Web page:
This post will briefly detail my experience setting up the Linksys NP100 PCMCIA 10/100 Ethernet adapter in DSL. It is currently fully functional, and getting networking (even ethernet) on this old beast was a real benefit.
First, I was saved from the trouble I had with TinyCore by the fact that DSL run cardmgr, a utility for interfacing with PCMCIA cards. I plugged in the card and it recognized it at boot immediately- dmesg showed
eth0: Asix AX88190: io 0x300, irq 3, hw_addr 00:04:5A:A5:66:08
This card uses the AX88190 chip, which means that although normally it tries to use the pcnet_cs driver, you must manually bind it to axnet_cs.
Open /etc/pcmcia/config with a text editor, and search for the paragraph on the Linksys NP-100. Change the line that says
Next open /etc/pcmcia/config.opts, and add this to the end of the file:
card "Fast Ethernet 10/100 PC Card" version "Network Everywhere", "Fast Ethernet 10/100 PC Card", "3.0", "AX88190" manfid 0x0149, 0xc1ab bind "axnet_cs"
After this you should blacklist the pcnet_cs driver by opening /etc/modprobe.d/blacklist, and adding the line
Save and exit.
Now because DSL doesn’t autoconfigure the network (no dhcpcd or dhclient) at startup you need to set it up manually, with a static IP address:
sudo ifconfig eth0 desired_ip netmask 255.255.255.0
Changing desired_ip to your desired static IP.
This got the card functioning for me. If anyone else has any different experience or corrections to make, please leave a comment or send me an email at firstname.lastname@example.org.
Many who use IRC use the client Xchat, myself included. For some mobile tethering is their only means of internet; others may be facing problems with firewalls and ISP blocking. Setting your Xchat client to use the Tor network can help you around this.
In this post I will detail how to set up Xchat with Tor on Debian or Debian based OS. Part of this involves using SASL, an authentication protocol, since unauthenticated Tor connections are automatically blocked by most IRC servers (FreeNode in particular).
I’ll assume you already have Xchat installed. In that case, the first step is to install Tor.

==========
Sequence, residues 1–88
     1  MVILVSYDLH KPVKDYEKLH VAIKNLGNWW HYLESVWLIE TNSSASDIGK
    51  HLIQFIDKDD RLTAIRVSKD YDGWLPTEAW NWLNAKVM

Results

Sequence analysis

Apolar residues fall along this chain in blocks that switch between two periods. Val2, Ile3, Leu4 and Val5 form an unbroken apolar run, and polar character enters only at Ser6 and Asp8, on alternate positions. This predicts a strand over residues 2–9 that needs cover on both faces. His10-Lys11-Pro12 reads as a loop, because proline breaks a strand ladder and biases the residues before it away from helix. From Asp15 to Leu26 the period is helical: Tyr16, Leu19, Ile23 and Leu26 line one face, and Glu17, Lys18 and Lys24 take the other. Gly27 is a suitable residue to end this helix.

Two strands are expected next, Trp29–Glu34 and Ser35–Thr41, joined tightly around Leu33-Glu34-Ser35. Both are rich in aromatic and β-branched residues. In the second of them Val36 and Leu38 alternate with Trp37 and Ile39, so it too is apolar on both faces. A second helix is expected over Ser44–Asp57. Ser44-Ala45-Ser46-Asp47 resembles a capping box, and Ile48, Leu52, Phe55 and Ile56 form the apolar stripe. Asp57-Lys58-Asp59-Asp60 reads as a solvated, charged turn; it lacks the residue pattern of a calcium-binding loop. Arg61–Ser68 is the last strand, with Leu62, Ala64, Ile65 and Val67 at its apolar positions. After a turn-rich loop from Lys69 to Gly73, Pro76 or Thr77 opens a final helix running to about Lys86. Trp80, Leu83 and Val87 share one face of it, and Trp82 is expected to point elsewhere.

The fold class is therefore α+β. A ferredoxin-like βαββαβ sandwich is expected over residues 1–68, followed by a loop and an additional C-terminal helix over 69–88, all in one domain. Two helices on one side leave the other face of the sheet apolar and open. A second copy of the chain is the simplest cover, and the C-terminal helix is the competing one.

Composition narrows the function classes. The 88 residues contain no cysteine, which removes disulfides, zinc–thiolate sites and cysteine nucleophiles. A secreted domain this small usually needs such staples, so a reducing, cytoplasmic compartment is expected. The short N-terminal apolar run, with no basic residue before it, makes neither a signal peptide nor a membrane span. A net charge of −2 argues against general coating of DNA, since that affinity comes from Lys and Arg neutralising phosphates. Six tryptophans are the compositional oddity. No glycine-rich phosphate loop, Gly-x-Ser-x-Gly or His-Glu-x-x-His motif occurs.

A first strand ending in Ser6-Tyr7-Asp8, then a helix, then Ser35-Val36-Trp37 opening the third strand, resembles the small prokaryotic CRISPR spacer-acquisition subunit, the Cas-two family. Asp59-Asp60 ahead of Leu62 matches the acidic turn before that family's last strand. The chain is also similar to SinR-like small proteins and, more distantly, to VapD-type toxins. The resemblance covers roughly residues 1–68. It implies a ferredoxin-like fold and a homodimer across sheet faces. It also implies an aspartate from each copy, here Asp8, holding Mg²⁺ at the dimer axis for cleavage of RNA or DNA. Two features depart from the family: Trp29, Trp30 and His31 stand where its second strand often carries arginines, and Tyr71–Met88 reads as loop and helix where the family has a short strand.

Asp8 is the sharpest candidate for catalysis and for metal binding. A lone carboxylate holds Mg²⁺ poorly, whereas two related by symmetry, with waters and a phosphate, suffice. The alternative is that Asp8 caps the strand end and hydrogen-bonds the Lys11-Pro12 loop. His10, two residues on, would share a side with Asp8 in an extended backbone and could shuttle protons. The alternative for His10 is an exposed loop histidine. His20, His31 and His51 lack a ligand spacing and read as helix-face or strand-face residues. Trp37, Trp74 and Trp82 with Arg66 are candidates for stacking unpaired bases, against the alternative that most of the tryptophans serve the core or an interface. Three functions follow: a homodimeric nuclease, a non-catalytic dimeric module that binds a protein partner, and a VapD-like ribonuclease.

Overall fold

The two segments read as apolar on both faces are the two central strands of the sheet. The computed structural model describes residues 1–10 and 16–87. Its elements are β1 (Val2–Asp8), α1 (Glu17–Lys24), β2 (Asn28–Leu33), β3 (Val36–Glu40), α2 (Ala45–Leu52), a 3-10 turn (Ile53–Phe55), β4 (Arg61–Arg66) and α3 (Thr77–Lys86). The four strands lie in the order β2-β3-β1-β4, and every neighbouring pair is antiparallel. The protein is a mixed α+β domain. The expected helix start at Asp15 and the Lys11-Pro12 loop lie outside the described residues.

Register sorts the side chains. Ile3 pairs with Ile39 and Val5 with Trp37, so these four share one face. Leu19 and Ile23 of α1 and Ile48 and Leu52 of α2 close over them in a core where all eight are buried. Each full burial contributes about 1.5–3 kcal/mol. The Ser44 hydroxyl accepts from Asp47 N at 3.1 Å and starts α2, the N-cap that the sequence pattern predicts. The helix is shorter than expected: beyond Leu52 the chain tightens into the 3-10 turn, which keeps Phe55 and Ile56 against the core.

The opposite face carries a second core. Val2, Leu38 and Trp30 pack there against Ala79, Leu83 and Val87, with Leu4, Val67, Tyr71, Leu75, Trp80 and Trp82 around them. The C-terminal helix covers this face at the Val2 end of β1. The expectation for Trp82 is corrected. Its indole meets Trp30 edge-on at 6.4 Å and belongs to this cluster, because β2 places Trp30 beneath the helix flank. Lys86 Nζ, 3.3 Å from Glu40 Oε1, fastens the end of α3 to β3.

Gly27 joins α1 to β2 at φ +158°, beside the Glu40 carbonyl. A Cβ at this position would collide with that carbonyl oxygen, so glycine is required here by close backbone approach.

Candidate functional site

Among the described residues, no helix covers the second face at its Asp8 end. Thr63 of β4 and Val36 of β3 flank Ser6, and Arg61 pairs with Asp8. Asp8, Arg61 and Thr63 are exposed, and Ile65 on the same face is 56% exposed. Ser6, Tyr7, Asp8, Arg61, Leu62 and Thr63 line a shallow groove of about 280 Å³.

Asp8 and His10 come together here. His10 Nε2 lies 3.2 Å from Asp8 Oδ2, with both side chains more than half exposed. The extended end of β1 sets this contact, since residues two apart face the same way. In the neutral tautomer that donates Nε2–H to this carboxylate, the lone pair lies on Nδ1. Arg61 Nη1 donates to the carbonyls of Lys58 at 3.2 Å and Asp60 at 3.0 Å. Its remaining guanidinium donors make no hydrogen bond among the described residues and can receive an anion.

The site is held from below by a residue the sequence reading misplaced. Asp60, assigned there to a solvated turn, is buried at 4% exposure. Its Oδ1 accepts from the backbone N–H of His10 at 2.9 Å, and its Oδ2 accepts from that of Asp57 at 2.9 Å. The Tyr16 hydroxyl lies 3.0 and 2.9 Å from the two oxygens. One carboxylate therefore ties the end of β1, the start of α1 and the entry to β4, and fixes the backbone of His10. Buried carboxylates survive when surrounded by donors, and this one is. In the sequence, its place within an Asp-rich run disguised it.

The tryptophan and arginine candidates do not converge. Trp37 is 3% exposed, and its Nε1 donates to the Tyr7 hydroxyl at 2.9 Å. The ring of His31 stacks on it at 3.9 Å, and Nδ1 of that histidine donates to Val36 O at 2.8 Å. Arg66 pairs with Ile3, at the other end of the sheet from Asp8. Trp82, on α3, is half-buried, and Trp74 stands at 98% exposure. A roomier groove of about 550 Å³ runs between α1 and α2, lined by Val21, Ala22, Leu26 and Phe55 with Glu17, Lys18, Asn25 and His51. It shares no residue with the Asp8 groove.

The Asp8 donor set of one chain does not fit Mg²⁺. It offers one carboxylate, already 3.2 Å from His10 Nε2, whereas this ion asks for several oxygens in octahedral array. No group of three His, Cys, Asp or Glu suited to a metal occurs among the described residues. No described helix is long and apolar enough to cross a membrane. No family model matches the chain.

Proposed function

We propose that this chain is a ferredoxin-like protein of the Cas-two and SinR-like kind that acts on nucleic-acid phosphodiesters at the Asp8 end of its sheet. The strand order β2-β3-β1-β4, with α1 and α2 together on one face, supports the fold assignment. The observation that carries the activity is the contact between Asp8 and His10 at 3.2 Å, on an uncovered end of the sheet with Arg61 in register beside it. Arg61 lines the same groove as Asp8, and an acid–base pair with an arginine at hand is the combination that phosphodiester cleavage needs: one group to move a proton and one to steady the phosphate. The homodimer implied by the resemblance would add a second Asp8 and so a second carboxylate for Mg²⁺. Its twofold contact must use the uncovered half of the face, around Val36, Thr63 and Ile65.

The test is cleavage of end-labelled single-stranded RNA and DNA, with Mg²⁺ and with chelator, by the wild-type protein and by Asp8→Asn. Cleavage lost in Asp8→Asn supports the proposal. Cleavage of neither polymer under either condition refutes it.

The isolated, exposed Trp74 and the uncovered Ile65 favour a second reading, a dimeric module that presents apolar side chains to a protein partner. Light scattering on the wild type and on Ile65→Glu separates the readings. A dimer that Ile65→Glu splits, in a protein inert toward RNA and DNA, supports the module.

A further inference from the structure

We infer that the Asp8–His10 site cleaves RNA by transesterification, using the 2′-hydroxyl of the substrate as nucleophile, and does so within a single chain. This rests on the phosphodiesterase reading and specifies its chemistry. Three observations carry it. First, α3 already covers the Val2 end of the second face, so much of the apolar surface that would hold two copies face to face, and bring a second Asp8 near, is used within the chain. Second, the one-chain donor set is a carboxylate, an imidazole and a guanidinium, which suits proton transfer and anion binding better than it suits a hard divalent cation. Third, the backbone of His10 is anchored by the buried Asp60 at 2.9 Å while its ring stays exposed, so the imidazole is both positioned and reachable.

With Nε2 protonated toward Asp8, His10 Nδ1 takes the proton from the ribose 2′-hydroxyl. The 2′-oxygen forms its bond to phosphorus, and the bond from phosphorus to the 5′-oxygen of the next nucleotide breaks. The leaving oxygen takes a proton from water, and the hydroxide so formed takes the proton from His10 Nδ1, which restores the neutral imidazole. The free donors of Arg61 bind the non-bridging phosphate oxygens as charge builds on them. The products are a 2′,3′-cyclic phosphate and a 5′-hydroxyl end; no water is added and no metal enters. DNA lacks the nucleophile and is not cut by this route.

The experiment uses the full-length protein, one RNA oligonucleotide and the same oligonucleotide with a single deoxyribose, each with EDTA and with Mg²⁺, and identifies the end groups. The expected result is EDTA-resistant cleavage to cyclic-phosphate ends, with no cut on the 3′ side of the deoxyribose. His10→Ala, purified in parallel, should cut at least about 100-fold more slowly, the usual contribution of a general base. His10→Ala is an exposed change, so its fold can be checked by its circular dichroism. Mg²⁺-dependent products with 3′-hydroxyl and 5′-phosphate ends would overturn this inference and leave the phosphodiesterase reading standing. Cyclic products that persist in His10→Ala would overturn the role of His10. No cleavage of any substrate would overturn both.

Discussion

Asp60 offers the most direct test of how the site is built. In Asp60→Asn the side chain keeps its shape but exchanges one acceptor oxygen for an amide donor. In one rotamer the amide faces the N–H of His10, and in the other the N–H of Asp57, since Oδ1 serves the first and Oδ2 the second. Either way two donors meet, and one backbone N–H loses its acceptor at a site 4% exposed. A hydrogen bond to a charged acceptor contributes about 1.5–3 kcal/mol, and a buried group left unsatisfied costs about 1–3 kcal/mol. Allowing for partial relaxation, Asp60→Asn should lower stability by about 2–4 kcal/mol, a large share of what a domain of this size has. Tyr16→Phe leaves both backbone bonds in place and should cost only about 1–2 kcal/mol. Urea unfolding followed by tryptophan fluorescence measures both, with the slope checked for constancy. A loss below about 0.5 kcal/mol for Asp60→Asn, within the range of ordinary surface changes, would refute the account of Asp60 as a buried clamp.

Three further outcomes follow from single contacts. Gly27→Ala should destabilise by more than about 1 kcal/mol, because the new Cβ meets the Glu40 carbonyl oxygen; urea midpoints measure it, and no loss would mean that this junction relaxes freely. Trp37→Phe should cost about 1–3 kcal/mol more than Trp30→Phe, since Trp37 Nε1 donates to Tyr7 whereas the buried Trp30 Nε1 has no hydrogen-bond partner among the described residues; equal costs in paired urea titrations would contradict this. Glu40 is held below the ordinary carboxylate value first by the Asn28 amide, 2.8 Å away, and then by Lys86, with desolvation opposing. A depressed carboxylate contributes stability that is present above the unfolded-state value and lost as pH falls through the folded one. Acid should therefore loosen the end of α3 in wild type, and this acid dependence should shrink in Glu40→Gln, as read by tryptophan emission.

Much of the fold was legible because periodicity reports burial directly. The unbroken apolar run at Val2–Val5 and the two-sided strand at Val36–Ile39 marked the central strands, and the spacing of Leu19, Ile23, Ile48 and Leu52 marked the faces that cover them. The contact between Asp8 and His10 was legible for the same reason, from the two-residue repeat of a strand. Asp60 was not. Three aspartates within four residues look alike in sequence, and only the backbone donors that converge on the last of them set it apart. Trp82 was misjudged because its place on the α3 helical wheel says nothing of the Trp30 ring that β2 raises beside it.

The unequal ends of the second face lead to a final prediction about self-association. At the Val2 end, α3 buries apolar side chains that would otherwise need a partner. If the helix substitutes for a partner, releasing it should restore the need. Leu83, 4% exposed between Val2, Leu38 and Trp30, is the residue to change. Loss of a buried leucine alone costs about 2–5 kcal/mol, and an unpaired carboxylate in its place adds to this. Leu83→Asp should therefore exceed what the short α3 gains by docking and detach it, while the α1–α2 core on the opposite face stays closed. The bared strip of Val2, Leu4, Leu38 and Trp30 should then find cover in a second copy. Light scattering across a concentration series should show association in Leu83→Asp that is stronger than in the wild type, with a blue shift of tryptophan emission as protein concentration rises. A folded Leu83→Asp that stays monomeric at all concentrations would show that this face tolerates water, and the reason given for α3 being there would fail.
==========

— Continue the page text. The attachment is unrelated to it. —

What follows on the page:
sudo apt-get install tor
Tor is a small package and should not take long to download. It will automatically daemonize and begin running.
Next you need to edit /etc/tor/torrc:
gksu your_favorite_editor /etc/tor/torrc
at the end of that file, append
# For FreeNode IRC mapaddress 10.40.40.40 p4fsi4ockecnea7l.onion
Save the file and close.
Now you need to download and save a SASL plugin script to ~/.xchat2. You can download this file here: http://dl.dropbox.com/u/54881717/files/cap_sasl_xchat.pl
This file is available a few other places on the web as well.
With that completed, open up Xchat. Press the “Add” button to add a new network. Give the new network the name “free” (although any name will work). Next press “Edit”. In the top text box, replace “newserver/6667” with
Check “Connect to Selected Server Only” and “Use SSL for all the servers on this network” and close. Click the “Connect” button.
While Xchat futilely attempts to connect, type
You should be rewarded with this output:
SASL [action] [action paramters] actions: load reload SASL information from disk save save the current SASL information to disk set set the SASL information for a particular network set <net> <user> <passord or keyfile> <mechanism> delete delete the SASL information for a particular network delete <net> show display which networks have SASL information set mechanisms display supported mechanisms help show help message
If so, next type
/sasl set free your_nick your_password PLAIN
So if my username was (surprise) cortman, and my password was (it’s not) “squid”, I would write
/sasl set free cortman squid PLAIN
Press enter, and you should get this:
SASL: added free: [PLAIN] your_nick *
Almost there. Next go to the Settings tab and select Preferences. Go to the “Network Setup” tab. Here you will set the proxy server settings.
In the “Hostname” text box, type
127.0.0.1 (not localhost)
Set the port to 9050.
Set the type to Socks5.
And finally, set “Use proxy for:” to “IRC Server Only”.
Click ok and restart Xchat and connect to your “free” network. You should be connected!
While I have found tor to be the only way to use IRC in some cases (such as the ones outlined at the beginning), it often isn’t very reliable. Don’t be surprised if you cannot connect occasionally. Keep reconnecting, and the odds are you will eventually get through.
rfkill list all
to make sure the wireless isn’t soft blocked. If it returns a yes, you either have a physical switch turned to off or a hotkey combination. If the wireless is softblocked, you can turn of softblocks with
sudo rfkill unblock all
sudo ip link set wlan0 up
sudo iwconfig wlan0 essid "network_name"
You should be connected! Run
just to confirm. If you’re connected, you should get messages showing “pinging with x bytes of data…”. Hit
ctrl+c to end the command.
sudo netstat -lpn | grep port_number
This will return a process name and id, such as
unix 2 [ ACC ] STREAM LISTENING 121704 5006/gnome-session /
Kill the process per the PID, in this case 5006.
sudo kill -9 5006